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Tips Why Hotels and Resorts Should Probably Run “Prime Day” Promotions

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photo of the author Melissa Jordan

Guess what? On October 13 and 14, 2020, your guests will be primed to make a purchase. Yes, it’s a bit corny, but it’s true.

In just under two weeks, the annual online shopping bonanza called Amazon Prime Day is coming. Your guests and prospects will likely have their wallets out, ready to pounce on a deal from the world’s richest man’s shopping site. And, believe it or not, that may be a prime opportunity for you to make some sales of your own.

Haven’t thought about it? Consider these four reasons why you should:

  • People are looking to buy. In 2018, analysts estimated that Prime Day sales exceeded $4B, up from an estimated $2.4B in 2017. Amazon doesn’t disclose its sales figures, but they did say that during the 2019 event, they sold more than 175 million products.
  • Other retailers are joining the party. In an effort to compete, other retailers are offering promotions that day too, including Target and Walmart. Since these other retailers are already advertising great sales that day, why shouldn’t you try to drum up some additional bookings on a Tuesday or Wednesday in mid-October?
  • Sales have expanded globally. When Prime Day first started in 2015, its exposure was limited. In 2019, deals were available in 18 countries across North America, Europe, Australia, and the Middle East. With more people looking to shop, there’s potential to entice a guest to your property.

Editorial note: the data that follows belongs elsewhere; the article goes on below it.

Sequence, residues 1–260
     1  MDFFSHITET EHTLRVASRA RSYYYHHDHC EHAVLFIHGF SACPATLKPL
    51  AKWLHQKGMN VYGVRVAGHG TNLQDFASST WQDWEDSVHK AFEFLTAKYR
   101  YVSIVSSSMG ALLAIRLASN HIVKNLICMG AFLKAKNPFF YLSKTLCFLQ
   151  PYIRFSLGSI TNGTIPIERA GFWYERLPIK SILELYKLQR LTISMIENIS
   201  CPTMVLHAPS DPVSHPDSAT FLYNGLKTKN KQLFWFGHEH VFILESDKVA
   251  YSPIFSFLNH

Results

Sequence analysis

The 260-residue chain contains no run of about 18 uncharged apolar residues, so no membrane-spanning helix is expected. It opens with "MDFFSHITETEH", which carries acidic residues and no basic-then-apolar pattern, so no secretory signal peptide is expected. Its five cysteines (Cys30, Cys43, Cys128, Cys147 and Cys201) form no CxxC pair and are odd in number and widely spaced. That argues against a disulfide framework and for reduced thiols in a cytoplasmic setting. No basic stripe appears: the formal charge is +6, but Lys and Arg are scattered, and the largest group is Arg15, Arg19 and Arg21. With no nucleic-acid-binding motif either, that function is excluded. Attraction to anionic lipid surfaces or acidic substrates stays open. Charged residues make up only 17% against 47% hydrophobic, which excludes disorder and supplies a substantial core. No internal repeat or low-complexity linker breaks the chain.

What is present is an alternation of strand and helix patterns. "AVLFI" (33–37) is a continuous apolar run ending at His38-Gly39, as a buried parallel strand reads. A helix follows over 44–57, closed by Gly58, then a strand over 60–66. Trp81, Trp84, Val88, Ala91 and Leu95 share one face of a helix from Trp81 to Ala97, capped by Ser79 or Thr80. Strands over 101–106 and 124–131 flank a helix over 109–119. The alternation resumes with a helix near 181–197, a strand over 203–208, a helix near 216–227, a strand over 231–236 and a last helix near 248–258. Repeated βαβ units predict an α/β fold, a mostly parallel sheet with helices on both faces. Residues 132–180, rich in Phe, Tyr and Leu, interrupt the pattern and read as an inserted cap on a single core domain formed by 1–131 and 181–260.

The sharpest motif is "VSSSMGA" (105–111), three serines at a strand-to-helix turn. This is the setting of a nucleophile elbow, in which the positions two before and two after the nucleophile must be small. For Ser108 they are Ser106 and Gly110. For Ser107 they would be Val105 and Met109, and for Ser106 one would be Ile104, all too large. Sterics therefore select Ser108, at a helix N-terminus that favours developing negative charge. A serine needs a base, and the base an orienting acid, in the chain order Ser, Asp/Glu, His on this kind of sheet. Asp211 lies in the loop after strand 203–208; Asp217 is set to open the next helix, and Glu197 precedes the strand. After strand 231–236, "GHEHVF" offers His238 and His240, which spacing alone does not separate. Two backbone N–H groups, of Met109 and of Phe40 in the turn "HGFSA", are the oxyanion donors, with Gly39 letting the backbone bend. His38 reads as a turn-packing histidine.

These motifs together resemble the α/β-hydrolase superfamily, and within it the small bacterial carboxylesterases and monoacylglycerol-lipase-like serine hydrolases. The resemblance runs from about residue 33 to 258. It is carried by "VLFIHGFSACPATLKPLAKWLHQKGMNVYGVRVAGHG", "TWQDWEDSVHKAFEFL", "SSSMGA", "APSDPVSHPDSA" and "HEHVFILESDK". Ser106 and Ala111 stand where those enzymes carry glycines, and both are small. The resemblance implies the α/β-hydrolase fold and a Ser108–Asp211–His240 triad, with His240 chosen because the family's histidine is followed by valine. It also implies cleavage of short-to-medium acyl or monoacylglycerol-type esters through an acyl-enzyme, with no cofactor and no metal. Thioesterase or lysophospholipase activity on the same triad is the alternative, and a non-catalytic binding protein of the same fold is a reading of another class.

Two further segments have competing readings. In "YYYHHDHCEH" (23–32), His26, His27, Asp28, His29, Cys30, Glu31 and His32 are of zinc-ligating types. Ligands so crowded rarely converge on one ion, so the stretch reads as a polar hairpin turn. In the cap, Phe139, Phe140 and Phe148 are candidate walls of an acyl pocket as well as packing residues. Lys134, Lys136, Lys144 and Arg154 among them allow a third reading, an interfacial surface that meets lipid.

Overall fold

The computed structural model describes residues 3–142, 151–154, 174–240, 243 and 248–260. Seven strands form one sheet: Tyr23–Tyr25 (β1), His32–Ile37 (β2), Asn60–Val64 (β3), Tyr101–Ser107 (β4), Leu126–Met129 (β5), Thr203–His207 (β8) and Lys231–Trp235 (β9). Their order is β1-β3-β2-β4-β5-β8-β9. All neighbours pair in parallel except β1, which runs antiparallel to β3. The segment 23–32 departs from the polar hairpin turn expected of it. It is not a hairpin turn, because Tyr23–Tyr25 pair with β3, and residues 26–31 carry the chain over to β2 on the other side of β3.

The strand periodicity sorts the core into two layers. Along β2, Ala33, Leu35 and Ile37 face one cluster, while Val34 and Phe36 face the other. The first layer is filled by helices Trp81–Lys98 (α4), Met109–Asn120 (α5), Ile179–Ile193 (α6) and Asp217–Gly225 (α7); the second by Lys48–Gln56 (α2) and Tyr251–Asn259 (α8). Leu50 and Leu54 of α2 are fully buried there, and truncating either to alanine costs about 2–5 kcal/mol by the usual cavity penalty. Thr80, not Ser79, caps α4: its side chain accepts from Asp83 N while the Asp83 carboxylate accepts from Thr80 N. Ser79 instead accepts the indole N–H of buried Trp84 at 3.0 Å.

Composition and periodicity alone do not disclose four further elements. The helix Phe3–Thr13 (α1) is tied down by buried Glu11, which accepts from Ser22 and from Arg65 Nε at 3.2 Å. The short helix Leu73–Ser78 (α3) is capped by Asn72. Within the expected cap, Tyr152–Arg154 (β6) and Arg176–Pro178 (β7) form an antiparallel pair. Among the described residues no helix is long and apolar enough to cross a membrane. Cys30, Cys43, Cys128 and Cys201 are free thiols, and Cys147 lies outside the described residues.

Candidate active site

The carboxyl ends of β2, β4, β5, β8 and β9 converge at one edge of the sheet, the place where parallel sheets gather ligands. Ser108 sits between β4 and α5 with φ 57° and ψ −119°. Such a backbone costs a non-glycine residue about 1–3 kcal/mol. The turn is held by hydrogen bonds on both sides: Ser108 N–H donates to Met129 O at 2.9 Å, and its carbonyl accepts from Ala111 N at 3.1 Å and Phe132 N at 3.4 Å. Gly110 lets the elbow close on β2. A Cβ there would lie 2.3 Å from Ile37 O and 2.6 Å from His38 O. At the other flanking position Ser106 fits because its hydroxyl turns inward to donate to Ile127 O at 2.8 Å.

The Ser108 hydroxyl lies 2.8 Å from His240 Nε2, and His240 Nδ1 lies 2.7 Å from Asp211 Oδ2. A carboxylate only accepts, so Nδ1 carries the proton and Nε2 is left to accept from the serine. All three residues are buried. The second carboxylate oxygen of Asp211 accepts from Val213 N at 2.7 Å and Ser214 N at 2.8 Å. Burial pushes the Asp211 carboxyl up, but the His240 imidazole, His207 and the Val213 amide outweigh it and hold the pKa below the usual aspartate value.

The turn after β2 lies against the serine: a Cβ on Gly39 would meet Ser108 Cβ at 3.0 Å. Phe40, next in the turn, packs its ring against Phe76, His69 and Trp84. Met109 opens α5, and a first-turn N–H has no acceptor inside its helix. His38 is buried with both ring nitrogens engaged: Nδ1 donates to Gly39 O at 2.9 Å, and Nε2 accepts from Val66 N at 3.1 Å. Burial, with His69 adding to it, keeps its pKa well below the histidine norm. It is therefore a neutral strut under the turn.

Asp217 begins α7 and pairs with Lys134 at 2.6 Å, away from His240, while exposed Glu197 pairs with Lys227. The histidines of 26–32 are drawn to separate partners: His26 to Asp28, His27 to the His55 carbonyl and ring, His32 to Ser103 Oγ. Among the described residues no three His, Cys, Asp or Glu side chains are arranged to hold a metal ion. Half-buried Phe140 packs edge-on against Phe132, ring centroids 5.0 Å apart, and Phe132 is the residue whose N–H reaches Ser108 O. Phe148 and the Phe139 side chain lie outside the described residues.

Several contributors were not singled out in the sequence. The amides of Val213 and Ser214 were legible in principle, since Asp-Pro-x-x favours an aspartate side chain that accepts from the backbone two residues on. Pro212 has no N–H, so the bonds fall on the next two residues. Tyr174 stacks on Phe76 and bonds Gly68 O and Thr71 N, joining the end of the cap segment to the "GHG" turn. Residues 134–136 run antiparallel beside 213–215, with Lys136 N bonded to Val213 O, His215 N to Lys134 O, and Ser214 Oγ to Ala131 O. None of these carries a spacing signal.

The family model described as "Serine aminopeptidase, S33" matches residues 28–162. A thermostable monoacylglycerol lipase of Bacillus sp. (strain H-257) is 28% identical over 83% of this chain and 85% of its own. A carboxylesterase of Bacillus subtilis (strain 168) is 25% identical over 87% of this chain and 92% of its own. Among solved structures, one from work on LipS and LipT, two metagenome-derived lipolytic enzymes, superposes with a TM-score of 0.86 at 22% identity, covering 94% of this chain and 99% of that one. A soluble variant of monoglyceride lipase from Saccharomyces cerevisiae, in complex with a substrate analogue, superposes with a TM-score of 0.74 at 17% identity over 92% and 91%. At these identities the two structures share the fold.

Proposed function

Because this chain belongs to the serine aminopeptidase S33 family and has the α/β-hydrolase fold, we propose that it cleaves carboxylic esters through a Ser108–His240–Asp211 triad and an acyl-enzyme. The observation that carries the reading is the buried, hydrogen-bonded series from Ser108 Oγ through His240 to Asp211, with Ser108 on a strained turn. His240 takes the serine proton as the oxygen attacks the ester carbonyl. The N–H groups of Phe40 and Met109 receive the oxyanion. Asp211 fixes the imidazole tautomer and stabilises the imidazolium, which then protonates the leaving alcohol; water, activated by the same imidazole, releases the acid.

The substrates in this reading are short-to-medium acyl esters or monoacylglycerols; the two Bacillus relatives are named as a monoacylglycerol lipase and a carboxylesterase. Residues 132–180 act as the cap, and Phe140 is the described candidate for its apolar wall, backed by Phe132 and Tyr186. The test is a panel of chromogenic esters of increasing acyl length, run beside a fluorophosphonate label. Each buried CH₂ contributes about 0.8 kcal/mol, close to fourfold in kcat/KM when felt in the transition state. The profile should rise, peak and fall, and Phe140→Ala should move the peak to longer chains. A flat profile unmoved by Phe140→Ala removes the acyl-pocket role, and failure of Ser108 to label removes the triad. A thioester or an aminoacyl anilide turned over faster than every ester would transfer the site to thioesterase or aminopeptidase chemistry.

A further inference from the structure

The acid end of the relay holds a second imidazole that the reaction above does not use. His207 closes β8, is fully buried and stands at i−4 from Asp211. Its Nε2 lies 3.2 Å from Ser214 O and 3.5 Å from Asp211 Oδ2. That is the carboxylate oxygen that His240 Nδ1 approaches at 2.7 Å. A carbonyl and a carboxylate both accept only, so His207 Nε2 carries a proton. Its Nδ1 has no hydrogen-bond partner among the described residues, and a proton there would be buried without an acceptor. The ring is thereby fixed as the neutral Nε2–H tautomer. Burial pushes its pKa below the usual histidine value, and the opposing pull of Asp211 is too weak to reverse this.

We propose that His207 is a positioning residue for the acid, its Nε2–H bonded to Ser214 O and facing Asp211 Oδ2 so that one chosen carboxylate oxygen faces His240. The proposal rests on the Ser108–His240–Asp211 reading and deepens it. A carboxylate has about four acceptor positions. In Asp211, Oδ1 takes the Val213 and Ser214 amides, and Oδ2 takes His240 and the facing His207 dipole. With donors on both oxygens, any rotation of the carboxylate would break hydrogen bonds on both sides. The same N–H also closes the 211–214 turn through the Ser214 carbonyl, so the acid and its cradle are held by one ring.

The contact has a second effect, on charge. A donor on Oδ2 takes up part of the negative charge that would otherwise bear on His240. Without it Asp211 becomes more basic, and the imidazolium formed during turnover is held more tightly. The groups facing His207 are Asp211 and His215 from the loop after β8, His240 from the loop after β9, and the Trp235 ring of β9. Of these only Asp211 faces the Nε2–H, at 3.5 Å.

• Human psychology is rarely intuitive. Research shows that once a consumer is in “I want to buy something” mode, they’re much more likely to make other purchases, even if they’re unrelated. In fact, the best-case scenario is that your guests visit, don’t find any deals worth pulling the trigger on, and then get an email from you with an offer they can’t pass up. They’ll be just itching to book.

Consumers are paying attention and looking for deals, just like they do during the holiday season. See if you can take advantage of this two-day retail holiday as Killington did last year.

One note, though — Prime Day is Amazon’s trademark, and that means your business may not be able to use those words to advertise your own sale (we’re not lawyers, and this is not legal advice). Target is calling their promotion “Deal Days”, Walmart is calling theirs the “Big Save” event, and lots of other retailers are referring to it simply as a shopping holiday. So, be sure to consult your legal department before you decide what wording to use.

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